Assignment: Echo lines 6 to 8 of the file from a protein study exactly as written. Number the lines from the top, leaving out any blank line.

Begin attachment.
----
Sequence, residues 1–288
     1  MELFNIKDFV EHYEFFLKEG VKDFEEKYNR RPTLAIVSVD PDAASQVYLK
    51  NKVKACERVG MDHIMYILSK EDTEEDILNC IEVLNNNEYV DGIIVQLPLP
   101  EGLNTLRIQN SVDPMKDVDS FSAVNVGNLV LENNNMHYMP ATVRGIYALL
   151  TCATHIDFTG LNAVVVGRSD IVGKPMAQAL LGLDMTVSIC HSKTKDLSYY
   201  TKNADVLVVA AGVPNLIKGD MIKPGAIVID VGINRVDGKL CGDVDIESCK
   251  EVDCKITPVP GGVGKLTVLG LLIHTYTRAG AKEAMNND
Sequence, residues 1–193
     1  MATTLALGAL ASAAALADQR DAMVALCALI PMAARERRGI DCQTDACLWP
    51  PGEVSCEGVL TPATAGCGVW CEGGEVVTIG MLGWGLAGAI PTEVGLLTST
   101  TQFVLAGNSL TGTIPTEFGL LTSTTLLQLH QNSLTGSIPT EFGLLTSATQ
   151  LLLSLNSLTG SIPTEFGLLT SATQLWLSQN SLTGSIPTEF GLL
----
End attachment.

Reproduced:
   201  TKNADVLVVA AGVPNLIKGD MIKPGAIVID VGINRVDGKL CGDVDIESCK
   251  EVDCKITPVP GGVGKLTVLG LLIHTYTRAG AKEAMNND
Sequence, residues 1–193